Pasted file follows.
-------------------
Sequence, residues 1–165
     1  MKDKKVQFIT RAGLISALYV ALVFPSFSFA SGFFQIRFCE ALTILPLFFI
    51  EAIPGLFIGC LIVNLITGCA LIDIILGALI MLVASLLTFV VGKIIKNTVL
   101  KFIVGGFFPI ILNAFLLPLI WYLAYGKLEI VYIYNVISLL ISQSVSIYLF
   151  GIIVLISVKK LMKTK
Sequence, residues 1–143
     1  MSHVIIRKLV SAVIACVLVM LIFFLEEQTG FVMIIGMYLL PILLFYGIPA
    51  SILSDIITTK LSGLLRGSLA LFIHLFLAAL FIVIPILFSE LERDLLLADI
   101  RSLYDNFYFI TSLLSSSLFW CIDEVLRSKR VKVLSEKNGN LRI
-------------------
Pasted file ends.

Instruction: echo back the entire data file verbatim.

Sequence, residues 1–165
     1  MKDKKVQFIT RAGLISALYV ALVFPSFSFA SGFFQIRFCE ALTILPLFFI
    51  EAIPGLFIGC LIVNLITGCA LIDIILGALI MLVASLLTFV VGKIIKNTVL
   101  KFIVGGFFPI ILNAFLLPLI WYLAYGKLEI VYIYNVISLL ISQSVSIYLF
   151  GIIVLISVKK LMKTK
Sequence, residues 1–143
     1  MSHVIIRKLV SAVIACVLVM LIFFLEEQTG FVMIIGMYLL PILLFYGIPA
    51  SILSDIITTK LSGLLRGSLA LFIHLFLAAL FIVIPILFSE LERDLLLADI
   101  RSLYDNFYFI TSLLSSSLFW CIDEVLRSKR VKVLSEKNGN LRI